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Google Glass was quite the product, and while it didn't receive widespread use or universal praise, I personally thought it was a great device on the market. For one, it was something completely new - there's nothing quite like it, and if it was done right, it could turn into something very useful.
Well, it will soon have a competitor from Chinese manufacturer Allwinner. Allwinner hasn't named its wearable yet, but they have said that it will be a Glass like device, with a much better price of $199, compared to the $1500 asking price of the Google Glass Explorer Edition. Allwinner is really talking up its wearable, saying that it will be able to outperform Glass in both price, and performance categories.
Inside of the Allwinner wearable, we'll find their own A33 processor, with Taiwanese design firm Coretronic provided the design work on the device. It will look quite similar to Google Glass, but cost nearly 1/10 of what Mountain View was charging. It will feature Wi-Fi and Bluetooth, but right now there is no release date for Allwinner's Glass competitor.
An issue with the Apple Watch's taptic engines has slowed the wearable's rollout, but Apple will resolve the problems and move on, according to an analyst. This is the first new product under CEO Tim Cook's leadership, so expect reported problems to be thoroughly investigated.
"Apple always has produced a phenomenal product. They are driven to produce a high-quality product, so I think they will iron out all these issues and bring a quality product to market," said Ivan Feinseth, analyst and chief investment officer at Tigress Asset Management, in a statement published by CNBC.
The popular Silicon Valley company is closely watched by consumers, analysts, and the media, typically fixing issues with its products sooner rather than later. Analysts still believe millions of Apple Watch units will be sold this year, helping give a major boost to the wearables market in 2015.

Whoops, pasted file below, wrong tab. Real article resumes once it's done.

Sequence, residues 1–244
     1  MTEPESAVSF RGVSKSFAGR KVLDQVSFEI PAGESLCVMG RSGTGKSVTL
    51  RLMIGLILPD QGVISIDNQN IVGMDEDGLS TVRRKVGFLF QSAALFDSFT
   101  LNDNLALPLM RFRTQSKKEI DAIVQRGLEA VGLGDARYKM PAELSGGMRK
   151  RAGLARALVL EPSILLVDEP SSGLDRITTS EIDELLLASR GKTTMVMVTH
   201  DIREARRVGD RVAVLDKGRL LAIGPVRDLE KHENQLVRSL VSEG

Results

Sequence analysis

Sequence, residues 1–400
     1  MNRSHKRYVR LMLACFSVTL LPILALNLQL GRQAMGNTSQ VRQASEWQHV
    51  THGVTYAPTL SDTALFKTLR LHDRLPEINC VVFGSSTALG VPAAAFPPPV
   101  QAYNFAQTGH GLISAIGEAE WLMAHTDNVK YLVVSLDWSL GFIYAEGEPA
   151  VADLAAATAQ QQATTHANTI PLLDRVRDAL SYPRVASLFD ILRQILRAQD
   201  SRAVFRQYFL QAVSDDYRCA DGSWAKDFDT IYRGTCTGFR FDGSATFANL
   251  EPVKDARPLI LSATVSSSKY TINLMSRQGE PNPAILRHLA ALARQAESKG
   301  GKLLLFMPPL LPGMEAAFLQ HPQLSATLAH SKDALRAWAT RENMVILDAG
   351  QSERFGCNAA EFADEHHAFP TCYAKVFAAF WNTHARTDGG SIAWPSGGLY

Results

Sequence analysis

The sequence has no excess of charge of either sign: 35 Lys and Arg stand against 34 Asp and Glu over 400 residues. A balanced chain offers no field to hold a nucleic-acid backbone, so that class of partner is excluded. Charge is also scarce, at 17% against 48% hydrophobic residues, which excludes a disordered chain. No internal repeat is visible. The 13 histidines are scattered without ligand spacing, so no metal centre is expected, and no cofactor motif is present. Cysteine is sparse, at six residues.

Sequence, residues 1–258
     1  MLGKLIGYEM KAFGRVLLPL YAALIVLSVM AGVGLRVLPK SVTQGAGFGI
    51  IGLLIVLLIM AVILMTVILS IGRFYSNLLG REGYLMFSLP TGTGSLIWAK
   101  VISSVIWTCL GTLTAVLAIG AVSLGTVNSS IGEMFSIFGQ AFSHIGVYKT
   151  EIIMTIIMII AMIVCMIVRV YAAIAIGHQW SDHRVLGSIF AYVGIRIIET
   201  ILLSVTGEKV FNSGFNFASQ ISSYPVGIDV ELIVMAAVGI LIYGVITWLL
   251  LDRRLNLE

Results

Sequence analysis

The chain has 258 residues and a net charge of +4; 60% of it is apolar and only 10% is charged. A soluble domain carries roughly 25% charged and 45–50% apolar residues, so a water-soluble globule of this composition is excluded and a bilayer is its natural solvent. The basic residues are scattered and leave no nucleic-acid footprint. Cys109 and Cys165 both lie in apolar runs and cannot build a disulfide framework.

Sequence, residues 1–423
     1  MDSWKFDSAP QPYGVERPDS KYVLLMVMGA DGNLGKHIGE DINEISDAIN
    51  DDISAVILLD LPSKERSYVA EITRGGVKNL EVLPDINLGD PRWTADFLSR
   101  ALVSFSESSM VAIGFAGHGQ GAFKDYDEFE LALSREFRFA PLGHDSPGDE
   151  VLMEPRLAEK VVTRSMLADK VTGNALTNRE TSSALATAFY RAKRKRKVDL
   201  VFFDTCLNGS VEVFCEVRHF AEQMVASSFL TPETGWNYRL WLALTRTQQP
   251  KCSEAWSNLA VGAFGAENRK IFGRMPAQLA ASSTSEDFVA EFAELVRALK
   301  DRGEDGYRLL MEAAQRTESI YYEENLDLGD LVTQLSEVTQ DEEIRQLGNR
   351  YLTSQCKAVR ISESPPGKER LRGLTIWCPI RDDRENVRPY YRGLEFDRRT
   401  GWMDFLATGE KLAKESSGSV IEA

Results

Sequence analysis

Trying to predict what is next for wearables is extremely difficult, but as technology advances at a rapid rate, it seems likely we'll have to get ready for "disappearables." It could be less than five years when sensors are so advanced that "hearables" can be used to fit products directly into your ear, and then disappearables will be right around the corner.
Smartwatches will lead the wearables market over the next three years, and hearables will be next, accounting for around $15 billion of a $30 billion market. The wearables market still needs time to become more mainstream, but hardware manufacturers and app developers have time to work on their products before launching publicly.
It looks like disappearables will have an immediate impact in medical and fitness tracking, but there are plenty of other options available. Using machine learning, disappearables could recommend physical changes to help make people healthier - and to make access to technology even easier.
With the Apple Watch now getting to consumers and strapping onto their wrists, news is coming out that not only are there supply constraints that are hurting Apple Watch sales, but there is a major defect in the taptic engine of Watch.
The Wall Street Journal is running with the report, saying that the taptic engine - which causes the Watch to vibrate, or "tap" when users receive notifications or alerts, is experiencing problems. One of the two suppliers of this particular part has faulty hardware, and some of that faulty component has found its way into batches of Apple's Watch.
AAC Technologies Holdings, which is based in Shenzhen, China, has been making the taptic engines for Apple, but they've found that they "break down over time". This has forced Apple to throw away Watches that would've otherwise been okay, something that has caused availability times to bounce by a few months. Availability on the Apple Watch is now June for all models and configurations, which could be a result from the taptic engine issues.
Build 2015 - Microsoft has kicked off its Build 2015 developers conference, where the world has gotten a deeper look at HoloLens. HoloLens, if you haven't read about it yet, is Microsoft's holographic headset, which acts as an augmented reality visor with some impressive results. Check it out: